When kids misunderstand things, we think it is cute. In fact, people share these adorable misunderstandings with their friends and anyone else who wants to know (look at Facebook for a few days and you’ll see them).
But when adults misunderstand things, it’s not the same, is it? Adults are rightfully expected to put some effort into understanding things. A wife isn’t going to post on Facebook about how cute it was that her husband misunderstood what she wanted. Instead, it’s often times the basis of a (ahem) “discussion” (if you’re married, you know what I mean).
Today, we will consider one of the biggest misunderstandings in the religious world today: Calling on the name of the Lord.
The majority of so-called “Christian” denominations teach that to call on the name of the Lord is to ask Jesus into your heart, praying for salvation from sin. It’s interesting that if you just take the sheer number (not groups, but individuals) of people claiming to be Christians, the overwhelming majority actually REJECT this doctrine. However, it has been popularized by televangelists and others who twist God’s word to their own destruction (II Peter 3:16). Salvation through prayer is “another gospel”, and all those who bring such doctrines will be cursed by God (Galatians 1:8-9).
But what does “calling on the name of the Lord” actually mean?
What is calling on the name of the Lord?
Though this phrase appears in the New Testament, it also appears in the Old Testament.
Seth had his son, Enos, THEN men began to call on the name of the LORD (Genesis 4:26).
This is generally referred to as the “Godly line.” This isn’t saying that no one prayed to God until Enos was born. But it was this line that obeyed God (see Enoch and Noah for examples).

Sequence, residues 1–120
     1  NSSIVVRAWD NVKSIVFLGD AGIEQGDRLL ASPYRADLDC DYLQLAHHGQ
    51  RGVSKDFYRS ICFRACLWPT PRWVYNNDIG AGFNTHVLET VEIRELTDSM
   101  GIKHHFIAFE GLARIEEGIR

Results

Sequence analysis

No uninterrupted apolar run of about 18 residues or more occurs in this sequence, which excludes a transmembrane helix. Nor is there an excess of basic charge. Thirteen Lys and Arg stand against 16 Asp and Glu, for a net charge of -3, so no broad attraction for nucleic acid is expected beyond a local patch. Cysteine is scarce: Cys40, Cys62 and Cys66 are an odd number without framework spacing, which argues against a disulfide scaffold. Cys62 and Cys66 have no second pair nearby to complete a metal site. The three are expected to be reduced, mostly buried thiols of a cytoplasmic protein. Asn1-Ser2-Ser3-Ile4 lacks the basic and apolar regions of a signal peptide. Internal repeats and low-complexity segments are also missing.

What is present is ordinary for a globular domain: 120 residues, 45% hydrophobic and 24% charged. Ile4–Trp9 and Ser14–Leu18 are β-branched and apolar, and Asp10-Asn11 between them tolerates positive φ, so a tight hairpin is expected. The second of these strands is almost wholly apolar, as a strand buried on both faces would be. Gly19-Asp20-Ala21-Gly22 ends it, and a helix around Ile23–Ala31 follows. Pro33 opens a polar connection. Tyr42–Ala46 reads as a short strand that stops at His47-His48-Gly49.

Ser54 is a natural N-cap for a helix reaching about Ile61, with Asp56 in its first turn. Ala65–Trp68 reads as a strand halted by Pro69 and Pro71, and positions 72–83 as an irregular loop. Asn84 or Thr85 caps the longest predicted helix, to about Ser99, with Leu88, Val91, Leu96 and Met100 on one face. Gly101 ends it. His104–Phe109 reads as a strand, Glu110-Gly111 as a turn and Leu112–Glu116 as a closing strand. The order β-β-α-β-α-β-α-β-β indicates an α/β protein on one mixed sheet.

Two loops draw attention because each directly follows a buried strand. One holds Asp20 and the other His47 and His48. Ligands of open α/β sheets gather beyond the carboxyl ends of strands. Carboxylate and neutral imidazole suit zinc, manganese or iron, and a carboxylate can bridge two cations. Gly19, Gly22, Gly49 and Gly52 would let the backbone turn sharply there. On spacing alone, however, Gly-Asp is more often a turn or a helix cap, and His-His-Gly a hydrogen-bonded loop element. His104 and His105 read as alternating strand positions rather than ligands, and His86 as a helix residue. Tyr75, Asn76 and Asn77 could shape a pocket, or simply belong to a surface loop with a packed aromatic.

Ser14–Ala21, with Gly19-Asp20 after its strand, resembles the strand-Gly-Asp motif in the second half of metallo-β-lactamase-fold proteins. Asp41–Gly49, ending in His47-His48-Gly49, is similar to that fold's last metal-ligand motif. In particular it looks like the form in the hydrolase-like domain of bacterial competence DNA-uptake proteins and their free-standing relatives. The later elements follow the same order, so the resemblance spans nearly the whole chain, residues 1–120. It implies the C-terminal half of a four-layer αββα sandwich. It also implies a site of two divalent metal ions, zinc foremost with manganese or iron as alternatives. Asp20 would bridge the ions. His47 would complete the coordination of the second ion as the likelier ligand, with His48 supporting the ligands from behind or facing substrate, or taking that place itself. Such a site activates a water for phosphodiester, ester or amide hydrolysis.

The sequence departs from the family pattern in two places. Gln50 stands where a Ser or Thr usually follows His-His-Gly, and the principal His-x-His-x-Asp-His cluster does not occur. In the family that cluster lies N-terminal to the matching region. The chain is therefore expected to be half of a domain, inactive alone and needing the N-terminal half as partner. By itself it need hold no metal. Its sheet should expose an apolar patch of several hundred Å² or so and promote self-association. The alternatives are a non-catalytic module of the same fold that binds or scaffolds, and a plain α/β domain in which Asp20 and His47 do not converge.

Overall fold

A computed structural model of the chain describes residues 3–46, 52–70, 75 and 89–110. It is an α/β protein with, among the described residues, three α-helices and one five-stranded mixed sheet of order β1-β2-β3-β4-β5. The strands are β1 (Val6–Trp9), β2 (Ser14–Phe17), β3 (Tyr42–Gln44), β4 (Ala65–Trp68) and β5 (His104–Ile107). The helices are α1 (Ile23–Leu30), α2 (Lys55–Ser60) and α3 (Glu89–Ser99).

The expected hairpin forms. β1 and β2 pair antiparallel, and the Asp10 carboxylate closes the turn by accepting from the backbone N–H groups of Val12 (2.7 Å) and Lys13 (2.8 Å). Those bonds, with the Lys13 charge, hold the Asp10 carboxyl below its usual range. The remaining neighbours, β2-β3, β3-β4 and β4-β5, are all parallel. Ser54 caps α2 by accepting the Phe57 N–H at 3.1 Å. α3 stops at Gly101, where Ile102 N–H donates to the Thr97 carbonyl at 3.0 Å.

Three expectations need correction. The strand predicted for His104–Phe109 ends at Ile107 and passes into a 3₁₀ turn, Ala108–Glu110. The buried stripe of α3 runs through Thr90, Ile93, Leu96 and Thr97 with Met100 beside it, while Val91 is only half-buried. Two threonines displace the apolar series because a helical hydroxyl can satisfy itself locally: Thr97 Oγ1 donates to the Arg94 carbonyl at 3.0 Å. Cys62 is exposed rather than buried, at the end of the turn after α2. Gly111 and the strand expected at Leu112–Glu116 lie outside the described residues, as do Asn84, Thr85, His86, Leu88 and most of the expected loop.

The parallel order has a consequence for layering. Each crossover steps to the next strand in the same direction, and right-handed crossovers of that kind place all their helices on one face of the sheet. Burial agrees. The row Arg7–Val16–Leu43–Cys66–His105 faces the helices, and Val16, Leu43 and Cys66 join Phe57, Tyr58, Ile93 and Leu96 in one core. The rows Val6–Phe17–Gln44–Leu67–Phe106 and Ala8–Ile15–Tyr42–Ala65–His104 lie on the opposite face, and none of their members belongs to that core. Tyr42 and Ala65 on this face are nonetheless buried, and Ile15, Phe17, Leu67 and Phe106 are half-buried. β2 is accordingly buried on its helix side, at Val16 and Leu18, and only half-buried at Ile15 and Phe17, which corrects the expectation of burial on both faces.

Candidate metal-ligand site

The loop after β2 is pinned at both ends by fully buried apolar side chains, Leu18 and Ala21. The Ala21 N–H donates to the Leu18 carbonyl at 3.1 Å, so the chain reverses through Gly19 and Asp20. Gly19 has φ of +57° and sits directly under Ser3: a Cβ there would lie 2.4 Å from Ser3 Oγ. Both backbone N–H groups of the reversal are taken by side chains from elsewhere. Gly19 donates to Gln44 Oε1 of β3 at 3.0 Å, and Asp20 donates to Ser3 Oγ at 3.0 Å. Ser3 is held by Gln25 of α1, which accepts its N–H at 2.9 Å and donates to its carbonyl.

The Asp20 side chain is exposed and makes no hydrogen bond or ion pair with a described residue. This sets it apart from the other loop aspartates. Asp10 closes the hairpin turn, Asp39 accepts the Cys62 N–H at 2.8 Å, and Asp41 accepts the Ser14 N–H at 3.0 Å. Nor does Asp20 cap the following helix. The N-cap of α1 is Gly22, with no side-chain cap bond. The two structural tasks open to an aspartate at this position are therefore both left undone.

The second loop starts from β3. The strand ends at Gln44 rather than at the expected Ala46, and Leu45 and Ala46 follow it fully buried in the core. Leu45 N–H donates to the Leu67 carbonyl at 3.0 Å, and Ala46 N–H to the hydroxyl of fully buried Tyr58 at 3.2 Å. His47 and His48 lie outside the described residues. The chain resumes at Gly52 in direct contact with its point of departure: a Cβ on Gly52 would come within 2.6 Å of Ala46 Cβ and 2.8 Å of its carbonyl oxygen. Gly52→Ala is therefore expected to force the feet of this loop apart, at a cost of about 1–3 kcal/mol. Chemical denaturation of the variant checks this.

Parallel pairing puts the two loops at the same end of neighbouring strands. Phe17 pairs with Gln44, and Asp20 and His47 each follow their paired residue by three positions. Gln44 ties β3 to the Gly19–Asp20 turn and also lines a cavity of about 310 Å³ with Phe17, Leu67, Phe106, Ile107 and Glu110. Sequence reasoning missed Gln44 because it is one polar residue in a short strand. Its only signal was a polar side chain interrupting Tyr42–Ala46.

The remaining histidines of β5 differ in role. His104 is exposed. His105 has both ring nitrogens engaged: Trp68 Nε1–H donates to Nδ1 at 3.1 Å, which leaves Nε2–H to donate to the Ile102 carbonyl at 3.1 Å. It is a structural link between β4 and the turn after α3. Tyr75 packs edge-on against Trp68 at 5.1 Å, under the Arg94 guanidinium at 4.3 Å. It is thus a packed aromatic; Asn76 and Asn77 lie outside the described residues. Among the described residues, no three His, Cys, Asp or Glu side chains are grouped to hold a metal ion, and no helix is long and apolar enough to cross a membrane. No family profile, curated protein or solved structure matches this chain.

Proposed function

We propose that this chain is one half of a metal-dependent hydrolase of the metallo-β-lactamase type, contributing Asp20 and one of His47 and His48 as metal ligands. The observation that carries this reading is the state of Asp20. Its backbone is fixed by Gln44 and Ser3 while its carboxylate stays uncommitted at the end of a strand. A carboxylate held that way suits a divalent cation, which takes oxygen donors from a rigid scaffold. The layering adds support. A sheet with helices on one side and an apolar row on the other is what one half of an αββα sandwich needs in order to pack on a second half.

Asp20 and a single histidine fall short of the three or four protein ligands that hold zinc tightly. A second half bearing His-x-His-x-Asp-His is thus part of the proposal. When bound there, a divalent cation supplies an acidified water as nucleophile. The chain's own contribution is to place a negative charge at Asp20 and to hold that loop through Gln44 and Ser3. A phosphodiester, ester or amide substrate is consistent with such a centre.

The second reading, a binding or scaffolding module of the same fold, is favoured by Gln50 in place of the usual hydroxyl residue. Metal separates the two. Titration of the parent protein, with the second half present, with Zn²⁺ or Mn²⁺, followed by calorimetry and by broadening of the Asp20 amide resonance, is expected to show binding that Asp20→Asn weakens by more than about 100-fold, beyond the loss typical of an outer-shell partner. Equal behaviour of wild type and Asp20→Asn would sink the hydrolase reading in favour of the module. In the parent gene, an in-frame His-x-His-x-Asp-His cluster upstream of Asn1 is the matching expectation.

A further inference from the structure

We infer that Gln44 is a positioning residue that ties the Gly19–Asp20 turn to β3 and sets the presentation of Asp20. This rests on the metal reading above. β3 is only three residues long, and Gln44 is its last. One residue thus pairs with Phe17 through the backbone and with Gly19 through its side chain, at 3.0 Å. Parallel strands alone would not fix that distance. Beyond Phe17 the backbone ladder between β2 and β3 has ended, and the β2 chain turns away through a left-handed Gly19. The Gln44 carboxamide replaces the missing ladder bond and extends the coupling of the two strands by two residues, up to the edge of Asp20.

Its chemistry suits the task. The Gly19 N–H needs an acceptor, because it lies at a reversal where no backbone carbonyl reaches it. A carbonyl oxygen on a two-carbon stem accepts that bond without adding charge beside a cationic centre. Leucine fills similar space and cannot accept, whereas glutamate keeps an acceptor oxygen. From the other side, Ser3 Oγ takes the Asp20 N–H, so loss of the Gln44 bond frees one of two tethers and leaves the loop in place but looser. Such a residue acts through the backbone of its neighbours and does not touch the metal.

Abraham built an altar and “called on the name of the LORD” (Genesis 12:8).
This “calling on the name of the LORD” could have included prayer, but that isn’t all that it entailed. It involved praise to God, worship to God, and doing what was acceptable to God – in short, it was obedience.
Isaac built an altar and “called on the name of the LORD” (Genesis 26:25).
This is not an instance of Isaac praying, because in the previous verse, GOD APPEARED UNTO HIM.
Calling on the name of the LORD was the expression of a life lived for God in thankfulness and obedience.
Elijah, on Mt. Carmel, made the challenge to the prophets of Baal,
“you call on the name of your gods, and I will call on the name of the LORD. And the God that answers by fire, let him be God.” (I Kings 18:24).
As you will well remember, the prophets of Baal cried out long and loud and nothing happened. Elijah then prayed,
“LORD, God of Abraham, Isaac, and Israel, let it be known this day that thou art God in Israel, and that I am thy servant, and that I have done all these things at thy word.” And of course God answered him (I Kings 18:36-38).
So, see, calling on the name of the Lord means praying! Not so fast…
It is true that Elijah prayed, but notice that in his prayer, the answer was requested completely based upon Elijah’s obedience. His calling on the name of the LORD was turning to God for help based on his–Elijah’s–obedience.
Psalm 116:12-19 describes calling on the name of the Lord.
What shall I render unto Jehovah For all his benefits toward me? I will take the cup of salvation, And call upon the name of Jehovah. I will pay my vows unto Jehovah, Yea, in the presence of all his people.
Precious in the sight of Jehovah Is the death of his saints. O Jehovah, truly I am thy servant: I am thy servant, the son of thy handmaid; Thou hast loosed my bonds. I will offer to thee the sacrifice of thanksgiving, And will call upon the name of Jehovah. I will pay my vows unto Jehovah, Yea, in the presence of all his people, In the courts of Jehovah’s house, In the midst of thee, O Jerusalem. Praise ye Jehovah.
As you read through this passage, you will notice that calling on the name of the Lord is the equivalent of living right before God, taking the salvation that God offers, and keeping your vows to God.